North Auburn homeless shelter turnover targets July 1

By: Gus Thomson, Reporter/Columnist
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With a $1.1 million annual contract and the blessing of the Placer County Board of Supervisors, the Gathering Inn is targeting July 1 for a smooth transition into the role of operator of the North Auburn homeless shelter.

The Gathering Inn was chosen in May by the Board of Supervisors over current operator Volunteers of America to run shelter operations  starting July 1.

The Gathering Inn has been accepting donations to help with the changeover and continue operations — from fairly large cash donations to soap and hair conditioner, CEO Keith Diederich said.

“We’re getting there,” Diederich said. “We can always use more. We’ve got a list and a lot of it has been filled. We’re still looking for gently used sofas, office furniture, things like that.”

Diederich said meal service at a facility without a kitchen is under negotiations with Right Hand Auburn, a nonprofit that established the E Avenue homeless shelter with Placer County and Volunteers of America three years ago. Right Hand Auburn worked with community organizations to establish outside meal service to the shelter.

Diederich said the Gathering Inn has filled more than half of the 25 new positions at the shelter, including transfering Gathering Inn resource center manager Nick Golling. He’ll take over as manager of what is being newly christened as the Mid-Placer Emergency Housing Program. Several shelter workers with Volunteers of America will stay on after the transition, Diederich said.

Diederich added that the organization will have everything it will need to move in July 1.

“We’re working closely with the county and Volunteers of America — they’ve been very good with the transition,” Diederich said. “We also appreciate Right Hand Auburn and what they have done to get the program off the ground.”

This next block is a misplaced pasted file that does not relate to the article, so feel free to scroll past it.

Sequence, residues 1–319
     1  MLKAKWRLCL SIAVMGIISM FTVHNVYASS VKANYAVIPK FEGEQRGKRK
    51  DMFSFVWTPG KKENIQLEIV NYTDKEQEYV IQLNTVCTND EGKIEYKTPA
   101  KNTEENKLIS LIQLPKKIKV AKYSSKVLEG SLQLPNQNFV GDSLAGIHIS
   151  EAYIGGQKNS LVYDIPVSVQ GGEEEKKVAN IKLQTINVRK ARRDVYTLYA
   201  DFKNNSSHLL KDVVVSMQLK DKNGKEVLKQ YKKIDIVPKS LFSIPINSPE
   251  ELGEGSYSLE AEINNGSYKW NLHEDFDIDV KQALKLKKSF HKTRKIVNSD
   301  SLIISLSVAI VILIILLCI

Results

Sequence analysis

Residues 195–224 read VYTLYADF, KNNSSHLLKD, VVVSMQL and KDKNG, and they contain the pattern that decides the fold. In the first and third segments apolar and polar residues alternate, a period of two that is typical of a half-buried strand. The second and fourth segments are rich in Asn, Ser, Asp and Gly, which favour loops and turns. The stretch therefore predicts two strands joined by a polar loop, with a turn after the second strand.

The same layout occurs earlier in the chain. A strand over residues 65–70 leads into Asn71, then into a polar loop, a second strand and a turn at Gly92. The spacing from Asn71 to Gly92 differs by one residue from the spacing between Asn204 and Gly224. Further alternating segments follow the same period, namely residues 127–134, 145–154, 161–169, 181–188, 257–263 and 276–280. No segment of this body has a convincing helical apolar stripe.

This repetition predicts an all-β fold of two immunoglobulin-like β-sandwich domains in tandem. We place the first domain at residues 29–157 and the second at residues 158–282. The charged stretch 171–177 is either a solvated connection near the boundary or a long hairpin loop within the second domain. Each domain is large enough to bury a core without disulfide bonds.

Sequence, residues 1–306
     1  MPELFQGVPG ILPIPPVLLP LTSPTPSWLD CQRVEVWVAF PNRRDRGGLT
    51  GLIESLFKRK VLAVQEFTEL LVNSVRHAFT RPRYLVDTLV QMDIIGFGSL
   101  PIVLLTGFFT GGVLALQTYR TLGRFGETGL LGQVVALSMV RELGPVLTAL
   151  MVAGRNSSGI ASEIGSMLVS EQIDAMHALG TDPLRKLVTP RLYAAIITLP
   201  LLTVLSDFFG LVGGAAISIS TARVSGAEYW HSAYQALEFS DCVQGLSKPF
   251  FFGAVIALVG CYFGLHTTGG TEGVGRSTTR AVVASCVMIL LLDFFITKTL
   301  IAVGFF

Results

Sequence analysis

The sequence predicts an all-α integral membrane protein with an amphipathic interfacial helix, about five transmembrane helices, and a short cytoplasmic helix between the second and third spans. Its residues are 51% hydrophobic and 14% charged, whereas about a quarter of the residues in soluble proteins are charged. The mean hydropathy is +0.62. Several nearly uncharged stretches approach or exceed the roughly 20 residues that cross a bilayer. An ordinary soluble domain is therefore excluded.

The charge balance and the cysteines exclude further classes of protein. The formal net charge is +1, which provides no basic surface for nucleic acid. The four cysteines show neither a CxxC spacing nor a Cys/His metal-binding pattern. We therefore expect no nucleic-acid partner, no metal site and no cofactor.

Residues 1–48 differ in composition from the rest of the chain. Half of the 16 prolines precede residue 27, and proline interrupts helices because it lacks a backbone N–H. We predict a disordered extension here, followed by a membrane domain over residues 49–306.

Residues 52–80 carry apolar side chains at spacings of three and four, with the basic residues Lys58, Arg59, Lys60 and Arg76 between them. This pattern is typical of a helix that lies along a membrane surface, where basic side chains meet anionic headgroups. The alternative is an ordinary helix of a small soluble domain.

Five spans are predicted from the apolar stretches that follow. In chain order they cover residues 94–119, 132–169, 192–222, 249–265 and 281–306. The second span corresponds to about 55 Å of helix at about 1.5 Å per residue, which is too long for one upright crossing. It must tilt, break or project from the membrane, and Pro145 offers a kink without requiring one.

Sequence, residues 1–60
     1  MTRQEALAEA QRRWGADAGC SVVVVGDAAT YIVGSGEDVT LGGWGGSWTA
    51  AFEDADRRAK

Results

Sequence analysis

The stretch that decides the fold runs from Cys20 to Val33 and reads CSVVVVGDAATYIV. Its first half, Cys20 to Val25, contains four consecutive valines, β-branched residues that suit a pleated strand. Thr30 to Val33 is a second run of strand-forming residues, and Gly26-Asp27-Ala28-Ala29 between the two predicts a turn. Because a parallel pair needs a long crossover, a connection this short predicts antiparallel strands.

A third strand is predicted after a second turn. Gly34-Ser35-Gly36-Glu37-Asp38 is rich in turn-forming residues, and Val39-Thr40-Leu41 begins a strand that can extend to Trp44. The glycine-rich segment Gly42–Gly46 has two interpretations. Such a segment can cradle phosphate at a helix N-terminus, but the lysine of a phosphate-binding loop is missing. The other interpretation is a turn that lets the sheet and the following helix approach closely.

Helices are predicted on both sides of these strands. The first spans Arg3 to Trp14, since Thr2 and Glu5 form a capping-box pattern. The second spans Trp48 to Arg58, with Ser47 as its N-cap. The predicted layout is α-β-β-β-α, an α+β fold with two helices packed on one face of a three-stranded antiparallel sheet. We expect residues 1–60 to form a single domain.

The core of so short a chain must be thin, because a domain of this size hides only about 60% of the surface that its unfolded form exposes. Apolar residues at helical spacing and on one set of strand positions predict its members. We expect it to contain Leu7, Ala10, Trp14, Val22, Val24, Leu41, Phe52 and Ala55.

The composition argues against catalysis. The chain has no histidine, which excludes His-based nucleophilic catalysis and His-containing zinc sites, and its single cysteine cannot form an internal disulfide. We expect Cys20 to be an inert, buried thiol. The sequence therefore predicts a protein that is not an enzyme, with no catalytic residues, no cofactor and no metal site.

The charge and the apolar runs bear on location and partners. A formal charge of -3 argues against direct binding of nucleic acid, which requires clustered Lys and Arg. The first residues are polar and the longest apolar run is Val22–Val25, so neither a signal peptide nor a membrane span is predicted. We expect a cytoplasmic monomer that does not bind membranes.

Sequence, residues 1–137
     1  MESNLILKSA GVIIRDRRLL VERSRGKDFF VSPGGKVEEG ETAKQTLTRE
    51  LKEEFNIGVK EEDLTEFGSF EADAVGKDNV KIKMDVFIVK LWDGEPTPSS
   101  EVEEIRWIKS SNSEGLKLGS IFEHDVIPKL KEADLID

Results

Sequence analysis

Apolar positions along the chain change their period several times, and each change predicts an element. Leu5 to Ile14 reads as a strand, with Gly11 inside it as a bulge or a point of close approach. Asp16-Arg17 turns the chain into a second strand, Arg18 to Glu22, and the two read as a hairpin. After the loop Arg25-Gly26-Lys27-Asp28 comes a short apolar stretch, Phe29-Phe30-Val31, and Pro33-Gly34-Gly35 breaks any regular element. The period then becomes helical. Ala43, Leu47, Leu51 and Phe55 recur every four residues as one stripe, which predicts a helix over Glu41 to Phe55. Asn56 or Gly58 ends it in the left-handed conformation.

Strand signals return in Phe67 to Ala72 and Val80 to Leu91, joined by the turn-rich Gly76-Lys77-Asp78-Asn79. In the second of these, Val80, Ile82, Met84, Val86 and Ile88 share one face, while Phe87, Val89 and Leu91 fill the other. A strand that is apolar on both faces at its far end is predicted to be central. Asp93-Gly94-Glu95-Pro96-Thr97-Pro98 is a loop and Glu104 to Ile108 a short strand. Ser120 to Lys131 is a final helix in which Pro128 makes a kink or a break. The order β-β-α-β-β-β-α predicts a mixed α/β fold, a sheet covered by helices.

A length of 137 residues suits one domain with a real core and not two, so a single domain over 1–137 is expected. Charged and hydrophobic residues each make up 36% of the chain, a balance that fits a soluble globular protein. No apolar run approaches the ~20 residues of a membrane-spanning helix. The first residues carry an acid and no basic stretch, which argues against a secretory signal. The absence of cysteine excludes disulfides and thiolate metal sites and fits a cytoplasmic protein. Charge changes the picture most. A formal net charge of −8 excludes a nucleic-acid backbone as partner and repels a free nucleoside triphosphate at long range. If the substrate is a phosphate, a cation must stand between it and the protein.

Diederich said that he can’t speak to the differences in processes and procedures between the Gathering Inn and what Volunteers of America have developed and are using after three years in North Auburn.

“From the Gathering Inn perspective, we’re talking about caring very much for the homeless — we actually call them guests — and in the business and finding housing,” Diederich said. “We also look at addiction issues and mental health support.”

Starting Monday, the Gathering Inn will be working with Volunteers of America onsite to make the July 1 transition.

The South Placer model is different from what the Gathering Inn will be undertaking in North Auburn. In South Placer, it houses about 75 homeless people nightly, with churches sheltering guests on a rotating basis. In North Auburn, 100 homeless people stay at the E Avenue location, which is owned by Placer County.

“If you’re Google, you want to expand your services and take your product to more people,” Diederich said. “Were in the business of serving homeless people and helping get them into housing. At the end of the day, those issues are the same if in South Placer or Mid Placer.”

Volunteers of America issued a statement in advance of the transfer stating that it has been working closely with Placer County Health and Human Services to ensure a safe transition with as little impact on the current shelter guests as possible.

Addressing the question of what items will remain at the shelter, Volunteers of America said that assets were disclosed during the request-for-proposal process ”well in advance” of the transition. After the decision in May, Gathering Inn representatives were kept informed by county staff and had a comprehensive walk-through, the statement said.

“County property was identified and confirmed by all involved, some of which included bunk bed frames, commercial washers and dryers, an ice maker and a picnic table,” the organization said.

The Volunteers of America and county have since added 100 mattresses to the inventory that will remain at the shelter.

“In-kind donations such as clothing, bedding, small toiletries, laundry soap or janitorial supplies that have been provided to the Auburn shelter by the public were immediately put to use or distributed to residents as they were received,” Volunteers of America stated. “However, donated items still remaining in inventory during the transition will stay at the Auburn shelter to help future guests.”